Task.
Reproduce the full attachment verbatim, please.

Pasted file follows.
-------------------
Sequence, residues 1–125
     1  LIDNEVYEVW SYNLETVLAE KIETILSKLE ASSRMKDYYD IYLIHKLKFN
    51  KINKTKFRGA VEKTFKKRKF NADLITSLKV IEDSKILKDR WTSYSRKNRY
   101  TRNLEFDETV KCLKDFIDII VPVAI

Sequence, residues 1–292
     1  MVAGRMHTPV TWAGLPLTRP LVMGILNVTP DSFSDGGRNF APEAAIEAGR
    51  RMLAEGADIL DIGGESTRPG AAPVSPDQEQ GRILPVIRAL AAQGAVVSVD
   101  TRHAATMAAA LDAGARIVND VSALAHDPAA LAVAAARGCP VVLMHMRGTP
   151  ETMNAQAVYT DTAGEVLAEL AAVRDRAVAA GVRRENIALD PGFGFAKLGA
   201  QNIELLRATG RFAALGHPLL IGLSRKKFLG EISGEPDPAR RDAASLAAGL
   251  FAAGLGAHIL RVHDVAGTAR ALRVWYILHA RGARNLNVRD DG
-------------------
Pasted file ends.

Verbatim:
Sequence, residues 1–125
     1  LIDNEVYEVW SYNLETVLAE KIETILSKLE ASSRMKDYYD IYLIHKLKFN
    51  KINKTKFRGA VEKTFKKRKF NADLITSLKV IEDSKILKDR WTSYSRKNRY
   101  TRNLEFDETV KCLKDFIDII VPVAI

Sequence, residues 1–292
     1  MVAGRMHTPV TWAGLPLTRP LVMGILNVTP DSFSDGGRNF APEAAIEAGR
    51  RMLAEGADIL DIGGESTRPG AAPVSPDQEQ GRILPVIRAL AAQGAVVSVD
   101  TRHAATMAAA LDAGARIVND VSALAHDPAA LAVAAARGCP VVLMHMRGTP
   151  ETMNAQAVYT DTAGEVLAEL AAVRDRAVAA GVRRENIALD PGFGFAKLGA
   201  QNIELLRATG RFAALGHPLL IGLSRKKFLG EISGEPDPAR RDAASLAAGL
   251  FAAGLGAHIL RVHDVAGTAR ALRVWYILHA RGARNLNVRD DG